What is Participatory Budgeting (PB)?
Participatory budgeting (PB) is a process of democratic deliberation and decision-making, in which ordinary people decide how to allocate part of a municipal or public budget. Participatory budgeting allows residents to identify, discuss, and prioritize public spending projects, and gives them the power to make real decisions about how money is spent.
Learn about PB in Durham
In 2018, the Durham City Council approved the guidelines and $2.4M in funding for PB and appointed a 15-member Steering Committee to establish the goals of PB and support the administration of the program. Each of the 3 City Council wards were awarded up to $800,000 for residents to decide how to use for one-time projects in the community.
PB Durham Cycle 1
Since its launch in November 2018, PB Durham has engaged over 10,000 residents and students. Over 500 ideas were initially submitted during the idea collection phase in fall 2018, with the second phase of proposal development taking place from January to April 2019. During the second phase, over 100 students and residents from the community reviewed, vetted, analyzed, and developed over 40 project proposals using data, community research, and support from technical experts. The voting phase throughout May sought input from residents and students age 13 or older, on which of the top 40 projects should move to the final implementation phase. The winning projects from PB Durham Cycle 1 are currently in the implementation phase and some are complete. Learn about the status of Cycle 1 winning projects here.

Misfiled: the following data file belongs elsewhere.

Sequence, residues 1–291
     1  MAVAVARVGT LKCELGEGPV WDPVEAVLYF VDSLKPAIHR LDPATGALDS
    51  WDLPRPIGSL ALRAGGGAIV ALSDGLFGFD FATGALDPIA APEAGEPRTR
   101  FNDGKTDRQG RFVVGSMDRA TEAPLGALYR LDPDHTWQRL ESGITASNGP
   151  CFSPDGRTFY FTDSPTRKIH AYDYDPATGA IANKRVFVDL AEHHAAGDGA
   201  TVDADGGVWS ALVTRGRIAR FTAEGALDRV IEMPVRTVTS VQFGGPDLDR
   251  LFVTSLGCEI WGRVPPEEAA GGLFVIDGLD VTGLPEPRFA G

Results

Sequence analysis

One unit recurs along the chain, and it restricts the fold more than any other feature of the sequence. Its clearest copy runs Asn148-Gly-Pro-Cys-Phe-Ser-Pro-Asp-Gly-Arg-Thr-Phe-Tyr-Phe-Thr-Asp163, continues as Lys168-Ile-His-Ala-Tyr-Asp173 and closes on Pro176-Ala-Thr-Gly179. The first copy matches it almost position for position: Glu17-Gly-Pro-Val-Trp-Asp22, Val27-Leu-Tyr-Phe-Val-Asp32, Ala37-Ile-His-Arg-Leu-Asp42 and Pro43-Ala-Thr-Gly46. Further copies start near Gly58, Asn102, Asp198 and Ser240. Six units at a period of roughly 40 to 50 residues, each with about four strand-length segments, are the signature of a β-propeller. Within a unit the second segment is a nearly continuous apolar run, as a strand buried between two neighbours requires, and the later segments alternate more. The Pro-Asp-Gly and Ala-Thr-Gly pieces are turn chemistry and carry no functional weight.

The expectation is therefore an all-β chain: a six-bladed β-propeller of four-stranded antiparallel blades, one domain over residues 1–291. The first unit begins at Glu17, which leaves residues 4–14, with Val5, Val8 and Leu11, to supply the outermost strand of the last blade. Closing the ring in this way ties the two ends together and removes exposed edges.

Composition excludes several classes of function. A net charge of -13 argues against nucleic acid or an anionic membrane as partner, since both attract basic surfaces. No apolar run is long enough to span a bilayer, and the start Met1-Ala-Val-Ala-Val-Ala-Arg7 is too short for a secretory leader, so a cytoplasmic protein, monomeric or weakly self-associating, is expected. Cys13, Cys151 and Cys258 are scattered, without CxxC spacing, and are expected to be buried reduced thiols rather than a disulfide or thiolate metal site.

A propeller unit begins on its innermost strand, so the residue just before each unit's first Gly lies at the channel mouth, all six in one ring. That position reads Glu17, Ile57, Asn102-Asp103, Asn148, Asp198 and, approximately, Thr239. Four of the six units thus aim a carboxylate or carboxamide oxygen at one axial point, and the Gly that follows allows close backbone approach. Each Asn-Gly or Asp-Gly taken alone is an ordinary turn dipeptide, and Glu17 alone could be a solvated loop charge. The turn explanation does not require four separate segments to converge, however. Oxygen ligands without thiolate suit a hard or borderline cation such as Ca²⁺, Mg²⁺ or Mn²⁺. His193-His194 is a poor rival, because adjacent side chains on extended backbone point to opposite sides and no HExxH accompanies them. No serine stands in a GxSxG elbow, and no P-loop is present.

PB Durham Cycle 2: Application Live Now!
In response to feedback from the Cycle 1 evaluation and the pandemic, PB Durham Cycle 2 shifted its scope. A grant fund was established to support local efforts to strengthen the community's social and economic fabric by offering relief assistance to communities in Durham. Durham City Council approved $1 million for Durham connected nonprofit and community organizations who are directly serving those residents impacted by the COVID-19 pandemic and addressing issues contributing to racial, economic, and social injustices in Durham to apply for funding to support community rooted work.